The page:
The strongest feature of Begin Again is its characters Greta and Dan (but especially Greta). Carney goes out of his way in the narrative to fully flesh out the characters and make them relatable for the audience, by giving them many character moments and full back stories. This works very well and pays off, especially when the characters then perform their music. I also liked that Carney does not feel the need to make the film into a clichéd romantic comedy with Greta and Dan falling in love. That is too easy, and it would not have allowed the characters to really grow and move on with their lives past the low points that the audience first finds them in. Their narrative arcs would feel cheapened.

Begin Again, however, does not quite have the emotional weight that it could have or probably should have. Carney seems intent on keeping things rather light, when the emotions and issues that Greta and Dan face are fairly heavy. This, thusly, creates sort of an emotional disconnect and leaves the film feeling less satisfying on an emotional level. Carney also has a big issue with the ending feeling very unsubstantial (something that he tries to rescue with a decent scene during the credits). There is not a sense of real closure to the film, which is disappointing because the audience does care about Greta and Dan and wants to see their story(ies) tied up in a meaningful way, and Carney just seems to miss this narrative moment. Possibly, this unsatisfying feeling stems from Carney not having Greta and Dan end up together when we, as the audience, are somewhat hardwired by film’s narrative language (especially based on hundreds of recent similar narrative films) to expect and maybe even want that ending. Mostly, however, it feels like Carney just could not come up with a strong enough ending while keeping the tone light throughout.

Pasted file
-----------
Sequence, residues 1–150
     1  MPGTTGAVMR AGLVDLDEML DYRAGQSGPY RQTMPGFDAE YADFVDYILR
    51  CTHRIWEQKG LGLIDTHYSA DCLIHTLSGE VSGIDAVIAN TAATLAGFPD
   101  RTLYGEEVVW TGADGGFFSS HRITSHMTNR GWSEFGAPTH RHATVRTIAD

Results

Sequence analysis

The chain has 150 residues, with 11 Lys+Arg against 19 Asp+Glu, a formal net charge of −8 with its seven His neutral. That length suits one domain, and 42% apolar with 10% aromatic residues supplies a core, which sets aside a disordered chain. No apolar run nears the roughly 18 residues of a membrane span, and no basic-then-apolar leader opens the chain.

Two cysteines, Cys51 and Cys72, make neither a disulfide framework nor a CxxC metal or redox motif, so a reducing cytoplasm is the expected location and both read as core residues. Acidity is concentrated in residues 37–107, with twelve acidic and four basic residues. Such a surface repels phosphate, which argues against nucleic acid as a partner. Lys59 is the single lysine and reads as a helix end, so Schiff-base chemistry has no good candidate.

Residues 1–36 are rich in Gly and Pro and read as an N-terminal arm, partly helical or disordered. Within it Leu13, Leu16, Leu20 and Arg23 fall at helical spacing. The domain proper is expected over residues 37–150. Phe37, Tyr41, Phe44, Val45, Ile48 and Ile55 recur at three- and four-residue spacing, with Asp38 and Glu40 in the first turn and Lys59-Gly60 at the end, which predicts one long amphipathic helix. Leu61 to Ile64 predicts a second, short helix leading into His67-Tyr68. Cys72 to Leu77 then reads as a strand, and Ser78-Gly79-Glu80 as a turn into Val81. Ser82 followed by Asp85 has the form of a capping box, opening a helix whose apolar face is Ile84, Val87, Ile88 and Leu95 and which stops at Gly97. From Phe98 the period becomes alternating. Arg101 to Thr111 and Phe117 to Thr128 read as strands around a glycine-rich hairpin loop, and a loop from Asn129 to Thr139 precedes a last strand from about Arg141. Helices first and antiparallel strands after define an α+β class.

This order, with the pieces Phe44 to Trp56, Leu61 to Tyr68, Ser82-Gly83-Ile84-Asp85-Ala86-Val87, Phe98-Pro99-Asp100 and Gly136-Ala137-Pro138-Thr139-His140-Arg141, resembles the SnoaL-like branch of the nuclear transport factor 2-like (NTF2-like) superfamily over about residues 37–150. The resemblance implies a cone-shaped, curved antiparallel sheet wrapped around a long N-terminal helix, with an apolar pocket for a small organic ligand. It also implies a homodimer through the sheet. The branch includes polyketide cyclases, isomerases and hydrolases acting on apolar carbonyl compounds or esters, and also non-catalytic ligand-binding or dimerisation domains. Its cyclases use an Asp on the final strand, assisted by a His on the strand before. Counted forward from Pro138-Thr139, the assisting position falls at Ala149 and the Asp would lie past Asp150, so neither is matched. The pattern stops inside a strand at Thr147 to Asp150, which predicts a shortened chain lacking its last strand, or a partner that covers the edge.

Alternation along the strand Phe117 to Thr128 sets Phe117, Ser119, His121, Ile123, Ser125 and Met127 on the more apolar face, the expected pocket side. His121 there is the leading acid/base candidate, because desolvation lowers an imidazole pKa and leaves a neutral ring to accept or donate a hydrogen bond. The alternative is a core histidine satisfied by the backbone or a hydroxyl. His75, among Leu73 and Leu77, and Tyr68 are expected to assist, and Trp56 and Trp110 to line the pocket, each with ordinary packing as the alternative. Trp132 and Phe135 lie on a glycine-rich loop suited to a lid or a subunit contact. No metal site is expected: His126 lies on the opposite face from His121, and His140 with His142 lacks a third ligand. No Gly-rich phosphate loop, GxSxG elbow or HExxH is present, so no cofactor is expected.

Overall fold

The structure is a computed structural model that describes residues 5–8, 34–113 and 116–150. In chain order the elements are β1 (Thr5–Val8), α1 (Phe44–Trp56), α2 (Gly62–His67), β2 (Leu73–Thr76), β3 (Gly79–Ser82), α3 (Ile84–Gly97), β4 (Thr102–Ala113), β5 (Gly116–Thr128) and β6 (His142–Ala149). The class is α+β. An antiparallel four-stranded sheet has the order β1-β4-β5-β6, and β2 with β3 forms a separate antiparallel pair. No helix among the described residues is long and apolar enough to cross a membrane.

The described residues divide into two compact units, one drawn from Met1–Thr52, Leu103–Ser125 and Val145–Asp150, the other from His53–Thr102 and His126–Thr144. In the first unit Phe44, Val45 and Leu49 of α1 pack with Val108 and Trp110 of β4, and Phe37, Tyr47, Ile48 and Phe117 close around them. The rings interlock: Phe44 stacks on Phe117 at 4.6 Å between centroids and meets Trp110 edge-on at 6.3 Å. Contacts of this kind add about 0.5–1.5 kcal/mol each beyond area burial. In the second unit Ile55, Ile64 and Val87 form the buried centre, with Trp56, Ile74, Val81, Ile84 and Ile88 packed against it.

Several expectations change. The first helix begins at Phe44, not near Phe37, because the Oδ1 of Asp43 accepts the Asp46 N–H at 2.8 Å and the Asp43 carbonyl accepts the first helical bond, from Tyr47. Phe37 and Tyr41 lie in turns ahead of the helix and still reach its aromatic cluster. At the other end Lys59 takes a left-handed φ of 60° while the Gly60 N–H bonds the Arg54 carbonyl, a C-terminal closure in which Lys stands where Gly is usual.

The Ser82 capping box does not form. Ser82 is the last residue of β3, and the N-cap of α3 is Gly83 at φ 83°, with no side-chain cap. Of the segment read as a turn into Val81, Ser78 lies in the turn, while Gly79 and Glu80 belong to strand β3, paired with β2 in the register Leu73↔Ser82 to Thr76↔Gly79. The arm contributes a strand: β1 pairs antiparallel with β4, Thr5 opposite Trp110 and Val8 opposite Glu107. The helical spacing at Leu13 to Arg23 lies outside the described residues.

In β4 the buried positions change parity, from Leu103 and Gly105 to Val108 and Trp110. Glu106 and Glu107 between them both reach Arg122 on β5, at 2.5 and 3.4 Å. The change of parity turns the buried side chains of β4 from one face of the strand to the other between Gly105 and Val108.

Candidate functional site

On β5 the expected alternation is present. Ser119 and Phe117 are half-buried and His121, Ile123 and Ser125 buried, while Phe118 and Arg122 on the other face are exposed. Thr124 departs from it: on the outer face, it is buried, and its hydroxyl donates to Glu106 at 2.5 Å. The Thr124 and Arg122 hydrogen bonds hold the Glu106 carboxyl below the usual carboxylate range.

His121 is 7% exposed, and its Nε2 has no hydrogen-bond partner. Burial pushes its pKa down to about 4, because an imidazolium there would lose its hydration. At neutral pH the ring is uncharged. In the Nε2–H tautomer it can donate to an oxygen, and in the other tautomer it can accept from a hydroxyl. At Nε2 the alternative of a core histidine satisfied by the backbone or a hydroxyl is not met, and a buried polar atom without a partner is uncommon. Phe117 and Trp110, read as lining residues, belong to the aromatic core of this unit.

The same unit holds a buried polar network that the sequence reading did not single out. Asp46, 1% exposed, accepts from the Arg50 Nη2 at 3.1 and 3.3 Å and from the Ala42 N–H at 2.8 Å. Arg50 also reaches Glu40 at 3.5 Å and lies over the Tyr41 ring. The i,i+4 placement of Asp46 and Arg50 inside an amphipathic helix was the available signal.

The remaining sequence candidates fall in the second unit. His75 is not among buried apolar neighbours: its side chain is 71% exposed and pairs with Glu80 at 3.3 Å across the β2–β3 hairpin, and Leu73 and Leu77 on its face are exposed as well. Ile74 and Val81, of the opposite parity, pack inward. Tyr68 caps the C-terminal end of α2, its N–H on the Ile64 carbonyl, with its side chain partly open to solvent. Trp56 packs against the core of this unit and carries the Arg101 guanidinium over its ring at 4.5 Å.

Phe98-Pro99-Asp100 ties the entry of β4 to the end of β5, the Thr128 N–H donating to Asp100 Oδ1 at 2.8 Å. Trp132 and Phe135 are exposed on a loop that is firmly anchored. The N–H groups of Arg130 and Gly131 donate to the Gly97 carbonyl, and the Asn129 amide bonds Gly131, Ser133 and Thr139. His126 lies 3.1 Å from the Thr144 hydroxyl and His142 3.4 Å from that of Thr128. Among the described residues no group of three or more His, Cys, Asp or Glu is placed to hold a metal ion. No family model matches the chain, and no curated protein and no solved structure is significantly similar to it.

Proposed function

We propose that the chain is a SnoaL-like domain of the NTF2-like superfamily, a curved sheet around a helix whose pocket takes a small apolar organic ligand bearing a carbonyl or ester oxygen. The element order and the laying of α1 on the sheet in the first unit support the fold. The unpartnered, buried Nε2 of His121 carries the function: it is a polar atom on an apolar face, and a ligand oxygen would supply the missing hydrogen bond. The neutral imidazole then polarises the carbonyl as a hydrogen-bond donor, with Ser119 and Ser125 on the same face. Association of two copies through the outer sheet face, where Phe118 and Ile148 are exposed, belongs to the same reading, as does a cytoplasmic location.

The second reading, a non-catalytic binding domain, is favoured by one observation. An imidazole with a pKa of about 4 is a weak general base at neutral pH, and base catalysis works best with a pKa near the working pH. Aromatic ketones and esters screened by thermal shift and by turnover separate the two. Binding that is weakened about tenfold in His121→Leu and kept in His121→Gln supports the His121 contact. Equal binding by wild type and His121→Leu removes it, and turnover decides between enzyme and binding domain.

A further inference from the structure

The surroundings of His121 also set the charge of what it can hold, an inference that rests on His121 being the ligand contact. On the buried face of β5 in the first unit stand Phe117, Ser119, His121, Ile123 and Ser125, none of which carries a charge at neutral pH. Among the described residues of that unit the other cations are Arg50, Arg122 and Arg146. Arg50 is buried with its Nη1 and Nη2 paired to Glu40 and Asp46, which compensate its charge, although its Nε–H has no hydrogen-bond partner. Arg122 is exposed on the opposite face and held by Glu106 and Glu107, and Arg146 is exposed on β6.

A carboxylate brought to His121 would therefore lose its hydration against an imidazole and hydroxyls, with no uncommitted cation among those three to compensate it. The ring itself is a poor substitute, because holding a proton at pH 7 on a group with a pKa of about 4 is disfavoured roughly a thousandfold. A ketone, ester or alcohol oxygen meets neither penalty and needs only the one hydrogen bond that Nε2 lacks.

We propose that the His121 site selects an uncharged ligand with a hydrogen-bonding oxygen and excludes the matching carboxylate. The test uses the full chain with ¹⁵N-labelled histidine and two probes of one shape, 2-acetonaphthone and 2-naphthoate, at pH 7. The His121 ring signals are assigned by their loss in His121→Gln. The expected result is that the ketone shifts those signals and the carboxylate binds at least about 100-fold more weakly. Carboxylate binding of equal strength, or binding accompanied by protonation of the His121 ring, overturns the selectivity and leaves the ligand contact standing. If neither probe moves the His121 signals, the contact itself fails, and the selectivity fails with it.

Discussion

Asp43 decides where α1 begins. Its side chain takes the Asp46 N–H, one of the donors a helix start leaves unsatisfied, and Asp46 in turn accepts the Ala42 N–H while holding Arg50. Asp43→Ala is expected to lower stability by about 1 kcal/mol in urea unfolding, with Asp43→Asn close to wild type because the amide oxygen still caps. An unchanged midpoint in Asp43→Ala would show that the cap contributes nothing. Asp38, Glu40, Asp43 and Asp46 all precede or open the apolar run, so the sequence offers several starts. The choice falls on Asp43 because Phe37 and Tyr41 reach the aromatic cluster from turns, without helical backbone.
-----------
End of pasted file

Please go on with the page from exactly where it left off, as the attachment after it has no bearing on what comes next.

Overall, Begin Again works and succeeds on what its sets out to be. It is an entertaining lighthearted musical drama with strong character performances and good (enough) music. What is disappointing, however, is that it could have been very powerful. It just never really seems to have that ambition.

Technical, aesthetic & acting achievements: Many film fans know John Carney for his amazing and emotionally powerful film Once, and thus probably hoped that Begin Again would follow suit; however, Carney has seemingly sought out to make a film with a broader appeal and has thus made something far more lighthearted tonally (which is somewhat ironic, considering the film’s clear appeal for artistic integrity over commercialization). That said, however, I do not see this cynically as Carney chiefly trying to make a generic Hollywood film, as Begin Again clearly is not that; it stylistically and narratively firmly has its roots in independent film. I just think he tried to make something different and it just did not come off quite as well. Fans of his work should still enjoy the film though.